Monday, May 17, 2010

More Catch Up: May 12

Here are our AFPDs' summaries from May 12. Sorry again for the lack of posting. You'll also be hearing from me soon on recent S Ct decisions. Things are moving. . . .
(This picture does not relate to these cases, but I thought it was cute!)


Direct appeal of partial denial of motion to return property


Pro se case regarding the return of property seized during a search but not used as evidence at the trial and not contraband.



Direct appeal of a supervised release violation


Circuit Court agreed with the factual findings, revocation of SR, and the sentence of ten months, finding the appeal "entirely without merit." Violation involved not completing treatment.



Direct appeal of sentence of mandatory minimum of 20 years.


Defendant had pleaded no contest to the charge of conspiring to possess and distribute 1,000 kilograms or more of marijuana. Before defendant entered his plea, government filed a notice pursuant to 21 U.S.C. § 851, seeking an enhanced sentence due to defendant’s prior conviction for a felony drug offense. Notice had the effect of increasing the mandatory minimum sentence that defendant faced (from 10 years of imprisonment to 20 years). Defendant still entered plea without a plea agreement. At the conclusion of sentencing hearing, district court imposed the 20-year mandatory minimum sentence.

Defendant then sought to invalidate his conviction and sentence, challenging the propriety of the § 851 notice, disputing the quantity of drugs attributed to him, and objecting to the finding that he had a supervisory role in the conspiracy. Appellate Court affirmed.

Defendant's arguments: whether the § 851 notice was defective for failing to refer specifically to the superseding indictment; whether the government was barred from filing a § 851 notice because defendant pleaded no contest; whether the notice was void because the trial court failed to ask defendant if he affirmed or denied his previous conviction; whether § 851 represents an unconstitutional delegation of power to the executive branch; whether § 851 interferes with the judiciary’s power to issue sentences; whether § 851 interferes with the grand jury’s power to indict; whether § 851 violates a criminal defendant’s right to a jury trial; and whether § 851 undermines the Sentencing Guidelines. Defendant also argued that the district court erred by enhancing his offense level by determining that he was responsible for conspiring to distribute more than 1,000 kilograms of marijuana and that he had a supervisory role in the conspiracy.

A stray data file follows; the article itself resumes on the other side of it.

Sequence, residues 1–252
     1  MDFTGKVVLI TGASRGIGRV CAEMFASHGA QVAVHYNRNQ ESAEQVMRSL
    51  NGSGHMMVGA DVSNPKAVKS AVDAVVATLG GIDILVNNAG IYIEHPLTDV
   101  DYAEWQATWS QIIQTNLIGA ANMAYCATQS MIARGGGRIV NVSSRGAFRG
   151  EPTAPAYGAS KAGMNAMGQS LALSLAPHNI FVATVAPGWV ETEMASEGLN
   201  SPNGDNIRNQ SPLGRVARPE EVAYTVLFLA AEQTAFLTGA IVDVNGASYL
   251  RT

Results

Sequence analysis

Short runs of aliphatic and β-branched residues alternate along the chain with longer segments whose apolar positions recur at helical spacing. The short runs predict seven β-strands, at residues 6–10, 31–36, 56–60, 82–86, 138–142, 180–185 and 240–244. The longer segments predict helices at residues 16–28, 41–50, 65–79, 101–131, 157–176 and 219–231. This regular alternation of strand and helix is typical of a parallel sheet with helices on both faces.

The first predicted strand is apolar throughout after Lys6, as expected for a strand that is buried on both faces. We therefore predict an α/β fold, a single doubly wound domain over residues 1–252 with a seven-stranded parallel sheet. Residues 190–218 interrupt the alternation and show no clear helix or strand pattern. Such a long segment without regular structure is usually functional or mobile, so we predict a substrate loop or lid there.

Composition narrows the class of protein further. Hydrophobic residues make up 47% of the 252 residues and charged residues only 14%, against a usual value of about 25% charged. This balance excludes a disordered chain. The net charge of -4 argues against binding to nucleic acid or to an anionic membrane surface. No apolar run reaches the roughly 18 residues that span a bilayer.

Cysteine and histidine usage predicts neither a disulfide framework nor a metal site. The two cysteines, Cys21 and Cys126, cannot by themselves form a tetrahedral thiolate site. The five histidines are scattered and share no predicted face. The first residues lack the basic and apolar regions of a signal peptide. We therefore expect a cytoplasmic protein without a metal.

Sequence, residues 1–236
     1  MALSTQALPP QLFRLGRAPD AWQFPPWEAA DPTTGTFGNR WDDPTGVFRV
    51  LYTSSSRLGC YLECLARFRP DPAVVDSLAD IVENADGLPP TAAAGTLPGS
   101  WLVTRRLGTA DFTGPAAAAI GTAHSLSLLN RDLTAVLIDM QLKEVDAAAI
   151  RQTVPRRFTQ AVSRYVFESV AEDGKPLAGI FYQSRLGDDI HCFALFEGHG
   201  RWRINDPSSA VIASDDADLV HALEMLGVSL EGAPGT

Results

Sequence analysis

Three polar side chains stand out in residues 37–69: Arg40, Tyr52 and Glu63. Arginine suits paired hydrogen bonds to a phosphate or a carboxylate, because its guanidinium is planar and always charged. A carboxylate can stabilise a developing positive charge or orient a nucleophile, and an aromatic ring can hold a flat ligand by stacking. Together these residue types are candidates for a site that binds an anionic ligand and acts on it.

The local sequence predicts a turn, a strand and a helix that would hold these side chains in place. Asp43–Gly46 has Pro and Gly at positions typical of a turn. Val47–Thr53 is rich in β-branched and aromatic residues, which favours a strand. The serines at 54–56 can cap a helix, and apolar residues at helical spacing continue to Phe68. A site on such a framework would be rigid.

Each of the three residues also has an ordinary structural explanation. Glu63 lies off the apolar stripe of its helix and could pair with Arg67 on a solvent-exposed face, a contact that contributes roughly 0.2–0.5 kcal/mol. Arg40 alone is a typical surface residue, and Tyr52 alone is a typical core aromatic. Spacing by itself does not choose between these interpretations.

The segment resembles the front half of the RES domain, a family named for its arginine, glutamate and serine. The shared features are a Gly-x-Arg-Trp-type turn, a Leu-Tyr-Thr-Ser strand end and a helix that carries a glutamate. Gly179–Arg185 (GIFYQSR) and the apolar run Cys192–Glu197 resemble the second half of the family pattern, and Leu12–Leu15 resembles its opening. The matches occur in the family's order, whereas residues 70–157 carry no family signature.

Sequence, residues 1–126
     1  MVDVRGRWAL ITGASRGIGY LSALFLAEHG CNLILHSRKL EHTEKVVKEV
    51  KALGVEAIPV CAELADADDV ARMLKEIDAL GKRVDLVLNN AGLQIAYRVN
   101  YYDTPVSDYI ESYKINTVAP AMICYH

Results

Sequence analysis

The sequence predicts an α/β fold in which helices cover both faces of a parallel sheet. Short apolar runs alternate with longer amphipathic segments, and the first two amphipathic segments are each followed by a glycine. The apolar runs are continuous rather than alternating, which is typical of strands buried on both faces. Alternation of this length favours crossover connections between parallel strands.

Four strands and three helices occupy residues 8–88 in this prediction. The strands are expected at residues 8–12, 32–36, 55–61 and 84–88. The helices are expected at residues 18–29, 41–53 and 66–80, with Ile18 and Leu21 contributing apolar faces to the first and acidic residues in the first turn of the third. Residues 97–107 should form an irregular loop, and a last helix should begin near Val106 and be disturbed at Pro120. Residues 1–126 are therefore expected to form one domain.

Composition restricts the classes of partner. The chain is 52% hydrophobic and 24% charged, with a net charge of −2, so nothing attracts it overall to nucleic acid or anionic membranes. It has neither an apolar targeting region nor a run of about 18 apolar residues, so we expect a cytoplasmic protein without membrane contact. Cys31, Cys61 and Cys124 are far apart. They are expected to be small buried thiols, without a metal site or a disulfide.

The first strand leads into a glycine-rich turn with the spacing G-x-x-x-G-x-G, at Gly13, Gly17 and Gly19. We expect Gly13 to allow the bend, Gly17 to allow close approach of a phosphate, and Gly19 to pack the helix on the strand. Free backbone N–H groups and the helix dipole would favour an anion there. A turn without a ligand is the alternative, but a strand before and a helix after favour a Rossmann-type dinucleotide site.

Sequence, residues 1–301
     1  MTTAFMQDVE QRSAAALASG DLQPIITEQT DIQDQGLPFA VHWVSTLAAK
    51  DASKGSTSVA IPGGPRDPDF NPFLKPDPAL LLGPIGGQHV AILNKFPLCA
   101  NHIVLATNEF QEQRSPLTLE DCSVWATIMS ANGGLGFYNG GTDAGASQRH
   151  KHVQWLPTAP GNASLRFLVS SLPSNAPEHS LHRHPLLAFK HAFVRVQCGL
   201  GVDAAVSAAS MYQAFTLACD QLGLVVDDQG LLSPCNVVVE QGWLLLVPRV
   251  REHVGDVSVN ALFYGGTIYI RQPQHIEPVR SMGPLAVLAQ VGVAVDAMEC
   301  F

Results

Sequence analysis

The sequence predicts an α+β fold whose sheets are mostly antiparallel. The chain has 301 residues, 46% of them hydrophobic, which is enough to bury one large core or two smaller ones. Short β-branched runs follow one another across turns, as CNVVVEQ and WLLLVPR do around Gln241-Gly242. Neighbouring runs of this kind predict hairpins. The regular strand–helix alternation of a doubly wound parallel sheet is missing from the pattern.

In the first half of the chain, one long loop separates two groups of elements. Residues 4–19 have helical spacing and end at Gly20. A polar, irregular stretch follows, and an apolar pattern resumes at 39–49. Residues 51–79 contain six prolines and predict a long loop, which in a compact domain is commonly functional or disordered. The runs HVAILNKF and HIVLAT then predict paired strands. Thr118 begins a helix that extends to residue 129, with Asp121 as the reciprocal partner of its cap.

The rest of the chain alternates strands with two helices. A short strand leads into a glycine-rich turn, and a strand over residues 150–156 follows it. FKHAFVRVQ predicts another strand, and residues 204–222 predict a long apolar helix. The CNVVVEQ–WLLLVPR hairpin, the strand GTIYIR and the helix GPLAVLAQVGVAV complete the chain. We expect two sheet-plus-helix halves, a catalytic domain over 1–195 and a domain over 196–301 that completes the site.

Circuit Court engaged in a full discussion of defendant’s 8 separate points contesting the 851 notice of enhancement under the drug law. Good review of the cases regarding the sufficiency of the notice and the specificity required or not required as the case may be.



Direct appeal of sentence


Defendant appealed the sentence imposed by the district court following jury verdict on the lesser offense of possession of cocaine base. Appellate Court affirmed.

Defendant challenged whether "crack" means "cocaine base" and lost.

There is a discussion of factual necessities for enhancement for gun possession in connection with offense under 2D1.1. (This case is a bit of a contrast to the case two weeks ago finding enhancement inapplicable. See Woods case under April 29.)

Client sought acceptance-of-responsibility reduction even though he had a trial. Appellate Court rejected argument.

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